As Qubole Data Service has gained adoption - many of our customers asked for import and export facility from their relational data sources into the Cloud (S3). Dimension data from such data sources are an important part of data analysis. Log files (aka. Fact tables) in S3 are often desired to be joined with such dimension data as part of data analysis and/or pipelines. In many cases - end results of data analysis - whether of an ad-hoc query or a data pipeline - are often required to be exported back into relational databases. Stored in this form - the results are often used to drive reporting tools or power online applications. Fortunately, we found an excellent tool in open source - Apache Sqoop - for moving data to and from relational databases. This post describes our experiences using Sqoop and how we made it easy to integrate a lot of different data sources in the Cloud.
Apache Sqoop can import and export data from relational databases over JDBC to HDFS. Sqoop allows importing full table, selected columns - and even allows the flexibility of specifying free-form queries to extract data and write into HDFS. Moreover it can do this using multiple parallel connections where required. In doing so it takes advantage of the inherent parallelism of Hadoop. Hadoop is already one of the core offerings of QDS - and our self-managing and auto-scaling Hadoop clusters make adopting new Hadoop based applications a breeze. However - we had to solve a number of limitations before we could offer Sqoop as a service to our users:
- S3 support: Sqoop can be used to dump data to and from HDFS - but the target for data import and export in QDS is frequently S3. Hadoop clusters and HDFS instances bought up by QDS on behalf of customers are ephemeral.
- Exporting Hive Tables and Partitions: Although Sqoop supports importing to a Hive table/partition, it does not allow exporting from a table or a partition.
- Upsert Support: Upserts are a common mode for exporting data to a database - where existing rows are updated and new rows are inserted. Unfortunately, Sqoop does not support upserts for many databases, including Mysql.
Loading data to S3
To solve the first problem, we first use Sqoop to copy data into HDFS - and then generate Hive queries to copy/load that data into tables in S3. Both of these activities, today, occur on a shared Hadoop cluster run by Qubole. Fortunately, auto-scaling means we have little administration overhead of running a continuously variable customer workload. In addition the various optimizations we have made to fix Hive performance on S3 have been critical in making this arrangement work.
We have added upsert support for Mysql over JDBC. Sqoop exports data using SQL queries. We alter the generation of these queries to achieve the desired effect. Note that the notion of upsert in MySql is slightly different from the generic notion of upserts in databases.
Exporting Hive Tables/Partitions
While Hive Tables/Partitions can always be dumped to HDFS and exported by sqoop from there - an obvious optimization is to read data directly from the files backing Hive Tables in cases where it's feasible to do so. We have made these enhancements where possible.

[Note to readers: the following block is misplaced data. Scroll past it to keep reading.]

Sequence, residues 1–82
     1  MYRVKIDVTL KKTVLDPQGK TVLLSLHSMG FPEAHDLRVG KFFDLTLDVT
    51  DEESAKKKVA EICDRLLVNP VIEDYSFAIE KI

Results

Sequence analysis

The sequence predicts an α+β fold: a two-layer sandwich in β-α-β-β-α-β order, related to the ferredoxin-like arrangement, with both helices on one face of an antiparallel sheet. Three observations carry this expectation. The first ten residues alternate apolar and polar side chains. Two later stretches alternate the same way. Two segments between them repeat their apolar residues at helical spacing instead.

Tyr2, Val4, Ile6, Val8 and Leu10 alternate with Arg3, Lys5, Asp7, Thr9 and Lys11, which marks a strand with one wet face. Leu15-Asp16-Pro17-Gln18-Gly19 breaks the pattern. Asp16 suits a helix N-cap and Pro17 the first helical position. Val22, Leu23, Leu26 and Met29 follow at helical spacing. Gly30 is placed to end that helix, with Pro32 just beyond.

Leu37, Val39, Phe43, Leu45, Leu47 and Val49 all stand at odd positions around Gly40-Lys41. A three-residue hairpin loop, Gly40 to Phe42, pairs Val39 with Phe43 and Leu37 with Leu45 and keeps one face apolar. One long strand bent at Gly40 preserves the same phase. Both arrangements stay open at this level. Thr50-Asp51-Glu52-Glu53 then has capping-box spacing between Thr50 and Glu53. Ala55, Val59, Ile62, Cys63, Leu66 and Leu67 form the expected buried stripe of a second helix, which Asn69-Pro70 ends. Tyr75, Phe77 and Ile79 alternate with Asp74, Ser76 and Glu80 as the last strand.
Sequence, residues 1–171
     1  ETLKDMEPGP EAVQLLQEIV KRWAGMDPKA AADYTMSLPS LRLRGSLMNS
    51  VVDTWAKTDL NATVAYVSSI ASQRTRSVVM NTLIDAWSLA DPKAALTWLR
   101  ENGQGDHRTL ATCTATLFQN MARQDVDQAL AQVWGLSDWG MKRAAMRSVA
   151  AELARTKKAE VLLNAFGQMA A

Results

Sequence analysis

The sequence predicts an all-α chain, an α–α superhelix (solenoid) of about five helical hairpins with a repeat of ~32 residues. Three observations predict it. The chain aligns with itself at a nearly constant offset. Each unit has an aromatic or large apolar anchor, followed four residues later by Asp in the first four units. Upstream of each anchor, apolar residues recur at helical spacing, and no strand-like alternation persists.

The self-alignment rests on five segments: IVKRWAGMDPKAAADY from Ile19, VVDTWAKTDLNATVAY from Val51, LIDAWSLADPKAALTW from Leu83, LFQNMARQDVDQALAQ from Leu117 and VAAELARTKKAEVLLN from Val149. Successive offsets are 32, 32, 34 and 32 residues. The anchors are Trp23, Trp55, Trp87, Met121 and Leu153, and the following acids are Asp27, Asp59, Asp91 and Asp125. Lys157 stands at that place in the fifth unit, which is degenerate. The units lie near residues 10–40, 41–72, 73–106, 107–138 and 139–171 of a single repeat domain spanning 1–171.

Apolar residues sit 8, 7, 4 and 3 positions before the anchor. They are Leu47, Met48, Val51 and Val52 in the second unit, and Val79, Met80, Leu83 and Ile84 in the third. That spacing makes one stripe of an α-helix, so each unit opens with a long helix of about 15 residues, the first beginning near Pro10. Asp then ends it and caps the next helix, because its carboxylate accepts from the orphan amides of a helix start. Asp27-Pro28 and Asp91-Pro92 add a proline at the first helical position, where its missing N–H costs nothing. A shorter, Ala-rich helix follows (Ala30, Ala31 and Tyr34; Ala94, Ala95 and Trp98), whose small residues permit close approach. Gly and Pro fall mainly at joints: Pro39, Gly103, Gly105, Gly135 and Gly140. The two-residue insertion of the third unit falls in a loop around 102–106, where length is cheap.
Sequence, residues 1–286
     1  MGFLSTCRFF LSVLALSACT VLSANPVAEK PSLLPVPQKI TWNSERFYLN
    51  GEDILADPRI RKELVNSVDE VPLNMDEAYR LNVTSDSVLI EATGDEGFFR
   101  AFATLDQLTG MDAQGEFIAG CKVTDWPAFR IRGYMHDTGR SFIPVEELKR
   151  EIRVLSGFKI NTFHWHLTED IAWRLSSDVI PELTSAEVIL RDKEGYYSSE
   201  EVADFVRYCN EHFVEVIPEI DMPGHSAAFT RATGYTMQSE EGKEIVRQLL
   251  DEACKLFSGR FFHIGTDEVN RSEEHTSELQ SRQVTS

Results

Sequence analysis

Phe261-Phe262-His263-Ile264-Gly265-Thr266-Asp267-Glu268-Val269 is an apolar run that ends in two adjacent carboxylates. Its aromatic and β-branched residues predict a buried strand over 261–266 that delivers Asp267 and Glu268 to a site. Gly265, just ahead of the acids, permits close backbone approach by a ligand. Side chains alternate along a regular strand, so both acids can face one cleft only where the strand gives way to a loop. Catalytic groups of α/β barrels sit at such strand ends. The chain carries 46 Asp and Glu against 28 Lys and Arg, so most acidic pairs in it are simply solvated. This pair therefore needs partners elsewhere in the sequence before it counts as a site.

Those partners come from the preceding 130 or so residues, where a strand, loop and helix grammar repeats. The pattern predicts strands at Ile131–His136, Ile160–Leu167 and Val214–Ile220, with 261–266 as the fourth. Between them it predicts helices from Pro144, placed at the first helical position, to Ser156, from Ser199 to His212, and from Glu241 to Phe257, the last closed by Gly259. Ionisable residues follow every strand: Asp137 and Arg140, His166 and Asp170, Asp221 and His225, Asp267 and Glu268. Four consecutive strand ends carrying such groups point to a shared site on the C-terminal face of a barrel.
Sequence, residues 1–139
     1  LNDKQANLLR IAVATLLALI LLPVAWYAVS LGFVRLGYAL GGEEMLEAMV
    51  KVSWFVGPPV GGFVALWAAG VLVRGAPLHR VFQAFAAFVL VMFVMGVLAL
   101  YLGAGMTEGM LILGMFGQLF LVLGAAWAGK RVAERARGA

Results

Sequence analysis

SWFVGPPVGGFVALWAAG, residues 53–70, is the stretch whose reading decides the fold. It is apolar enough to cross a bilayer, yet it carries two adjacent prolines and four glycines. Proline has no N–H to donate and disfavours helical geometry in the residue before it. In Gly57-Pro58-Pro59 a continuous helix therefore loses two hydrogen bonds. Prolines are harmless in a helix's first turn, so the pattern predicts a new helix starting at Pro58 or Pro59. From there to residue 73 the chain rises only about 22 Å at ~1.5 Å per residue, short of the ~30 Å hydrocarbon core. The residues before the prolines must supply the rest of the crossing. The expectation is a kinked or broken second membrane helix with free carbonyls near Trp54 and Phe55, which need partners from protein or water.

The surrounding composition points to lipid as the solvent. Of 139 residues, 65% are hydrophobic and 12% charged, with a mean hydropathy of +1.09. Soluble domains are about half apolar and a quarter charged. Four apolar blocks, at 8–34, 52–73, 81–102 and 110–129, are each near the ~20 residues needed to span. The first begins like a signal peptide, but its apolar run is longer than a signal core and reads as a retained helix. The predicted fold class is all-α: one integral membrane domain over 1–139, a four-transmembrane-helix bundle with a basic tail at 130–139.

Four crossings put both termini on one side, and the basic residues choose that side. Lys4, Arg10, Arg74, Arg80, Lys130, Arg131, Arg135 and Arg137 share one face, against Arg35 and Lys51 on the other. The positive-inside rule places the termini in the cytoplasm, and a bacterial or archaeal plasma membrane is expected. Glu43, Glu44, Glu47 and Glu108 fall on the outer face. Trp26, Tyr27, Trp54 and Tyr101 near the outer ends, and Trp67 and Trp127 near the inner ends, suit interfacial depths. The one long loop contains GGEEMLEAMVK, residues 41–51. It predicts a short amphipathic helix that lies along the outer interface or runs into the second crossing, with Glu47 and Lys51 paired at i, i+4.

Integration into QDS
One of the best things about building a service is that we can integrate useful primitives like Sqoop throughout our service:
- Users can define database end points using the DbTap abstraction (see Documentation). These database endpoints can be used for various activities throughout our system - including for exporting and importing data via Sqoop.
- One-time Export and Import commands available via our REST API are implemented using Sqoop.
- Import and Export commands can be embedded inside workflows and invoked in our batch processing infrastructure called the Scheduler.
Further integration points seem attractive. Users find it useful to run a query and then to later export it's results to a relational database. An export option can be displayed alongside historical queries visible via Qpal.
A persistent focus at Qubole has been in making Big Data components accessible and relevant to analysts throughout an organization. Interfaces that make it easy to author and test uses of powerful constructs like Sqoop are essential. With respect to Sqoop - these priorities resulted in many back-end and front-end improvements:
It is easy to erroneously configure a data import/export process. Simple errors (for example - mismatched schemas, or bad table/column names) can take a significant while to discover. To that end - we have added a test-mode to our Sqoop executions where we short-circuit expensive steps (like running Hive queries or Map-Reduce jobs) and just go through the rest of the steps. This has allowed us to quickly validate commands and give feedback on a lot of errors to users early.
Often a user may try to move too much data by mistake (an incorrect where clause on the source data for example!). In order to catch these - we impose reasonable limits on total data transfer by a single import/export command (that can always be overriden in genuine use cases).
We allow users to kill a running import/export command which might have been mistakenly launched. This is a generic functionality that is supported for all QDS commands. For Sqoop - we borrowed code from Hive to keep track of any map-reduce jobs spawned by the Sqoop command and requesting the Job-Tracker to kill them on receiving any signal.